Especially, not being home for our child, D. One thing that became painfully apparent was how much M was missing D, and vice-versa. So Travel, bye Felicia!

Another factor is the culture of the industry M works in. People are very, VERY driven. Most will not think twice before putting in an 80-hour work week. The unwritten “expectation” is 60 hours, which M was aware of and have no problem in following. The more M interacted with senior leadership the more M questioned whether M want to be like them in 5 years or so. So completely invested – heart and soul – into the company and what it stood for and the work. It is not in M’s nature to be that invested in work.

Maybe switching to a job that did not involve travel, or moving to a different industry, could be the cure?

This led to a greater introspection of what M wants from a job or life in general.

What M realized is that spending time with family is the #1 thing right now. Especially since D is growing up so fast that missing days away from family is akin to missing a new facet of personality developing. Even a job that doesn’t require travel would require going in to work from 9 to 5. During the summer. On a gorgeous day.

Go out and play. Hit a ball. Catch a fish. Kick a ball. Ride a bike. Throw a ball. Build a castle in the sand. Ride kayak. Get a couple of bruises to reminisce about.

When being at daycare is grandly trumped by the above actions!

FIRE, technically, should give us the time to spend together as family. There is a meme doing the rounds of social media. It says,

We get 18 delicious summers with our children. This is one of your 18. If that’s not perspective, I don’t know what it is.

As parents we get 18 years to really interact with our progeny to mold them into functioning human beings. I would argue that it is actually less than 18 years when you subtract the 0-4 years in front, and possibly the 4 years of high school. 10 full years. If we can’t give our kids the highest priority for these formative years, which is on average one-eighth of our life span, what does that tell about us?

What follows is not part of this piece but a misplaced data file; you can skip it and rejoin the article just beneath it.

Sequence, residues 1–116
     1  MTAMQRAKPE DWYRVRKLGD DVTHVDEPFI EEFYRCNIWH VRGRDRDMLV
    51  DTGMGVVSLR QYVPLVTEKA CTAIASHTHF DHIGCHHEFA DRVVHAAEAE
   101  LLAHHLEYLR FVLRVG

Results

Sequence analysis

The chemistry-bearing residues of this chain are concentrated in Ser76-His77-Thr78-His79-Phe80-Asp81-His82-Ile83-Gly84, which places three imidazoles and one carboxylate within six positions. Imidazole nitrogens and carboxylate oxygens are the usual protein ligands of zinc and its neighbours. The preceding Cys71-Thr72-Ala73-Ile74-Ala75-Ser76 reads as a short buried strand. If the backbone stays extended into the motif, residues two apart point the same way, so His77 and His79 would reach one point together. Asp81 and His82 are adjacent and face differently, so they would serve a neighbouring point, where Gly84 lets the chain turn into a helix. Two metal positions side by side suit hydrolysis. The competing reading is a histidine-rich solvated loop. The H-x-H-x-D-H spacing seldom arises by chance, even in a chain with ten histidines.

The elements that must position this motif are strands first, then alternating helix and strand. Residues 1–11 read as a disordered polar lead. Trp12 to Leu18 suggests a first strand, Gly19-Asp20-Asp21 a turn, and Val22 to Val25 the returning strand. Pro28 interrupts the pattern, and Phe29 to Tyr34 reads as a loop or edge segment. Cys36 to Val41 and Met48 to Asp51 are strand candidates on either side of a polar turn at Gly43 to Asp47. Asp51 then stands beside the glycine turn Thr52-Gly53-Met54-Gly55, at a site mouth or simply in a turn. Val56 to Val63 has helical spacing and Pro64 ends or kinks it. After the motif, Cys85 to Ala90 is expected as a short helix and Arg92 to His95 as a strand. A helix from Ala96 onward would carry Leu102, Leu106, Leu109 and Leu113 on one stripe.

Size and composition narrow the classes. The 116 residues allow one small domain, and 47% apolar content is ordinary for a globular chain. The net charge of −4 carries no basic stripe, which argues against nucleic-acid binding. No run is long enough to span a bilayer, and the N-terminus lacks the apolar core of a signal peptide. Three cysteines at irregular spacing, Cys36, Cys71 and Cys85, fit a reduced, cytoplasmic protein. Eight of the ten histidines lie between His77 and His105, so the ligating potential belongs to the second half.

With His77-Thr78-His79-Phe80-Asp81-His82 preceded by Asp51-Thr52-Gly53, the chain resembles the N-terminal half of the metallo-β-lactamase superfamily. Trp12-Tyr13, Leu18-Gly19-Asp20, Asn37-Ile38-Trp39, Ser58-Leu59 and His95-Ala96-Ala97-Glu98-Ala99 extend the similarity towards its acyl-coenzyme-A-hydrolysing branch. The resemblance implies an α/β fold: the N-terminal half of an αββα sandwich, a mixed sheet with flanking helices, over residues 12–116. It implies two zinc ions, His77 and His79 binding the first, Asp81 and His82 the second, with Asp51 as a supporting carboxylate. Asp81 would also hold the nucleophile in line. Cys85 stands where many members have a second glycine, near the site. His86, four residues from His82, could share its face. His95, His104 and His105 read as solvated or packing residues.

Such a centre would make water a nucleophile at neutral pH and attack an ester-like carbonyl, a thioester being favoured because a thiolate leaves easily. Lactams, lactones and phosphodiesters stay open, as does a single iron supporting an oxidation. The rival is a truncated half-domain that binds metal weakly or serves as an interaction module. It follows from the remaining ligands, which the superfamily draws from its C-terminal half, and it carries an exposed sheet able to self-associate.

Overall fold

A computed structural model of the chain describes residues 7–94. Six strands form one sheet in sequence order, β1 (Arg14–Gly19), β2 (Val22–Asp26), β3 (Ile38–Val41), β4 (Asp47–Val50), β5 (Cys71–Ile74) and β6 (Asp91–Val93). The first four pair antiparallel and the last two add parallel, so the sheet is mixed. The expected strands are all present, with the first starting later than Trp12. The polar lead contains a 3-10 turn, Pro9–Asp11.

Another thing that came out of the conversations was how W did not see the RE aspect of FIRE the same way M does. W really likes the work, the workplace, the people interaction. Even if we stayed on our current plan, and were to be on the verge of FIRE in 2023, W is not sure if quitting the full-time job would be the calling. W’s health insurance continuing through work is another added bonus, which in turn keeps our out of pocket costs down.

This double realization – where M does not want to continue full-time work and W does want to continue full-time work – made us stop and rethink our FIRE path forward. Could we be at a point where if we did not put in a single dollar towards investments, we still could end up being FIRE in 11 years?

And running the numbers, the answer is a resounding yes!

From our end of June post, we have $604k in retirement accounts. If we stopped funding all of our retirement accounts right now, at the end of 11 years, that sum would have grown to $1.16M, at 6% compound interest. Which is quite a conservative estimate.

It is a very realistic scenario that we might be truly FIRE by year 9 or 10.

Adam, over at Brewing FIRE, had this very lucid and dear to heart post about “Coast FIRE”. He explains the “stopping point” where “we will stop pedaling and let our momentum carry us to financial independence“. Encourage everyone to go over there and read his piece in entirety. He ran some good numbers as well.

We think we are at this coast point now. We can cut back on work, we can remain thrifty (maybe a bit more so), and can start to appreciate the mundane aspects of life.

Wait, what will M actually do after leaving full-time job? Being more involved in taking care of the family is where most of the freed up time will now be spent. Things like cooking dinner most days of the week. Mowing the yard and cleaning the house, and not outsourcing those chores. Less or no before and after school care for D. Even self-care activities as going to the gym regularly, playing on recreational adult sport teams.

M is certain to do some sort of part-time work as well in RE. M really wants to pursue some hands-on endeavor where the fruits of labor are tangible. Coaching athletics/sports, substitute teaching, tutoring school aged kids. Getting a commercial driving license and doing some seasonal work. Maybe get a CFP certification and become a financial planner to help families who aren’t as savvy. Maybe getting involved in local and grass-root activism. There are plenty of options around.

Netting around $1K a month shouldn’t be a huge deal with a few days worth of few-hours-a-day work.

M has worked all 15-years of professional life sitting in front of a computer. That is about to change and the excitement is palpable 🙂